What technologies are driving these changes?

Boyce: It's really driven by increases in available bandwidth. More and more, AV is becoming part of information technology, and at most educational institutions, the IT staff supports the AV systems. Video on demand, video over IP, and remote management of equipment help minimize the support requirements. Most IT directors recognize the importance of managing digital content and AV systems over the network and require that future projects incorporate these features.

Dougherty: The availability of inexpensive network bandwidth and improved QOS [quality of service] have been the most significant factors in the ability of institutions to cost-effectively and reliably deploy these new technologies.

Pusey: The typical student today is a computer gamer with an iPod in one hand and a texting phone in the other. Simply put: The learning environment needs interactive technologies — both to hold a student's attention and prepare them for adult life. We actually work with school districts that issue iPod Touch devices for each student and utilize web activities for interaction of the lesson plan.




Expert Roundtable: Trends in Education

Sep 1, 2008 12:00 PM, By Jack Kontney

Four industry experts weigh in on what's moving the market forward.




Which new technologies or products have you found especially applicable to leveraging your work in the education market?

Dougherty: We prefer proven, reliable technologies over the bleeding edge. Interactive whiteboards and related peripherals are very strong for the K-12 area. In many cases, the simplest solution is the most efficient and effective. We have had tremendous success with AV control panels in a custom lectern, which houses the AV equipment and instructor's computer.

Pusey: What we really provide is transport for voice, video, and data. The convergence of AV technologies onto the data network has made us adaptive to the IP world. VoIP telephony, streaming video, and IP video/security solutions are the most significant product categories.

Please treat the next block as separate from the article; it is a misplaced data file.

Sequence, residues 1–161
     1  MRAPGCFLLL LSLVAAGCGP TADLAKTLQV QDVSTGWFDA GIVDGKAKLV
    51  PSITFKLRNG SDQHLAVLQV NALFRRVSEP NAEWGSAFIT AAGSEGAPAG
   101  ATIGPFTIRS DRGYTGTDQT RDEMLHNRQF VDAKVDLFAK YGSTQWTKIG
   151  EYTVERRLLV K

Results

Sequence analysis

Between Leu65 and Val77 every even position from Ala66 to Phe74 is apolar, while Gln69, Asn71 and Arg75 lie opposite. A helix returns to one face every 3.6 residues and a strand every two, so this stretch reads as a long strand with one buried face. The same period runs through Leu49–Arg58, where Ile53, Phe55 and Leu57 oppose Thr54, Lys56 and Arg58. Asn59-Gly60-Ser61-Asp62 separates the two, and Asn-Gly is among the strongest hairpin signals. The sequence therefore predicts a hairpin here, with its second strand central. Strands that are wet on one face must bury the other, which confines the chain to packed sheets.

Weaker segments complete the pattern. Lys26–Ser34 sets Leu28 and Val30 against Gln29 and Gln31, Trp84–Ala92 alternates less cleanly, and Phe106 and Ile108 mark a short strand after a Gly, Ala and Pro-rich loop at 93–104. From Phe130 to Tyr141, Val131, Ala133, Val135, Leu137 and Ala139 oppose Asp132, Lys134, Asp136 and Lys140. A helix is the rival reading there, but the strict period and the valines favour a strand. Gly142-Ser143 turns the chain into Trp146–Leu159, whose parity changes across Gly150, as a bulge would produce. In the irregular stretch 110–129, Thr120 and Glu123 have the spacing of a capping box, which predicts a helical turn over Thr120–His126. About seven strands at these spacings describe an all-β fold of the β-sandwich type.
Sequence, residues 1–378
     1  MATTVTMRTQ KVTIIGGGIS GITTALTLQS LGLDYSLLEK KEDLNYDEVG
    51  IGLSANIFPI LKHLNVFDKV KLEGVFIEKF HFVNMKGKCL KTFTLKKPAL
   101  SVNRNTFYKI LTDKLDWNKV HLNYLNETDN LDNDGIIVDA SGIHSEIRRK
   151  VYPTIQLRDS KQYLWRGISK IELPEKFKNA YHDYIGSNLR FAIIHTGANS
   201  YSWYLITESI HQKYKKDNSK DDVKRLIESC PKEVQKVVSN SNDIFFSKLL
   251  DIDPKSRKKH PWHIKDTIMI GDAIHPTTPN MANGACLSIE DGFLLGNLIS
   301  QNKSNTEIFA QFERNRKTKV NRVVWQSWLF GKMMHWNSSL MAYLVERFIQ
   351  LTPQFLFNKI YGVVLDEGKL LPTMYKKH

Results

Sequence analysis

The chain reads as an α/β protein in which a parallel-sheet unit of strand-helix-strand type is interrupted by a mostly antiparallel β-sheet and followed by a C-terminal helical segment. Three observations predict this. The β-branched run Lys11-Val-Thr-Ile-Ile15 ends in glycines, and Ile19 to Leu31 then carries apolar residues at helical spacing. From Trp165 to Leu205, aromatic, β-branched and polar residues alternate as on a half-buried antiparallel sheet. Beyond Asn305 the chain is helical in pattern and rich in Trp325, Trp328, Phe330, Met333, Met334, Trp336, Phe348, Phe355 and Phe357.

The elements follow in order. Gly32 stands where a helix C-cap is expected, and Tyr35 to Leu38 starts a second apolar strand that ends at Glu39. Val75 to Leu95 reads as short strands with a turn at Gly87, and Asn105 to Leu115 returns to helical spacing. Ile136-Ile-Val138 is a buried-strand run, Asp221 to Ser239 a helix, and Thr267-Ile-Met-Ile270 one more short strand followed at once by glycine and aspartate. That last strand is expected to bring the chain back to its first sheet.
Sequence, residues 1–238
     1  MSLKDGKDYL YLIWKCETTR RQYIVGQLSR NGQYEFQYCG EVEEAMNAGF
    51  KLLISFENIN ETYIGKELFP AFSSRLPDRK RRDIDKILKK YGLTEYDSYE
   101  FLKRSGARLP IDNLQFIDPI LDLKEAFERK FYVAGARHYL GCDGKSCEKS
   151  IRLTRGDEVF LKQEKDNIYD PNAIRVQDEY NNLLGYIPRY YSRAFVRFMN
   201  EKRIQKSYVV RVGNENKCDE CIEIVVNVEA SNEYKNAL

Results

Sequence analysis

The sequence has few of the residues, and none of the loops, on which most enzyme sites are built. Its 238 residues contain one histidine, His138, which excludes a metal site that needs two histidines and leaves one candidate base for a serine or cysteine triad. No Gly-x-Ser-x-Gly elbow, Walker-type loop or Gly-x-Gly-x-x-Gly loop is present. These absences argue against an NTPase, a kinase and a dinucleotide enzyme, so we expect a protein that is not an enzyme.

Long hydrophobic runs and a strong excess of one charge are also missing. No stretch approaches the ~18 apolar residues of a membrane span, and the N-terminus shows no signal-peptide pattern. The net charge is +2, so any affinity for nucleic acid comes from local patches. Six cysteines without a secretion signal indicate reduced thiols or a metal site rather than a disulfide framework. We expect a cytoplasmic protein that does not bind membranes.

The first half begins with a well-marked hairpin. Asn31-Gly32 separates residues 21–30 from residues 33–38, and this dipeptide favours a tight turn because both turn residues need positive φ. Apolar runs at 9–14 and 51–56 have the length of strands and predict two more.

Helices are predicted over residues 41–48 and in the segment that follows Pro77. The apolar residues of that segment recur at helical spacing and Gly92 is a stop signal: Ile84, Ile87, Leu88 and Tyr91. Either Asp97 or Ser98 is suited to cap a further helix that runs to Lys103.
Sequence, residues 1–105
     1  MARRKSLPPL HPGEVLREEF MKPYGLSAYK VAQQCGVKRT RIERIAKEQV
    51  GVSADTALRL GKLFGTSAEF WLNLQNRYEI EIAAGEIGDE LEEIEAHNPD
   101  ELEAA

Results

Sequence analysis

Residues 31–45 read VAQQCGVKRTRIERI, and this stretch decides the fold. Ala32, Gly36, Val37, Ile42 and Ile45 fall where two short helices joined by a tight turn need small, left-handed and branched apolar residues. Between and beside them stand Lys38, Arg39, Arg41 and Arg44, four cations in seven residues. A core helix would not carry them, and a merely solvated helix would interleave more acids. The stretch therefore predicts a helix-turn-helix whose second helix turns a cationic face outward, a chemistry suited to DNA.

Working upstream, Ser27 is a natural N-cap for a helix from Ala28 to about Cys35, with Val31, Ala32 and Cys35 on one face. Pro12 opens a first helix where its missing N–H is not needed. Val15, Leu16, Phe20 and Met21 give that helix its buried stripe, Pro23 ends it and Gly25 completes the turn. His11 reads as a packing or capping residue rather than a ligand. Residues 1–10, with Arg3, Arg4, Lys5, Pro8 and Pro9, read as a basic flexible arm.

Boyce: District-wide content management and video distribution over IP has been a key solution that we offer to the education market. Video distribution often leads to incorporating presentation systems, TV production studios, and digital archiving systems.

Let's look at some specific technologies. Have recent advances changed the nature of distance learning?

Boyce: With the increase in available bandwidth, distance learning is now a viable option for homebound students and those with careers. We can now implement Flash-based solutions that don't require any software to be loaded on the student's computer, which eliminates software-support issues. All the student needs is a standard web-based camera with a microphone. Even without a camera, chat features allow communication with the instructor, who has the ability to share documents and screenshots.

Dougherty: The term “distance learning” can mean different things to different people. That being said, the trend in today's typical distance-learning system is moving away from highly sophisticated two-way communication and toward a one-to-many streaming environment.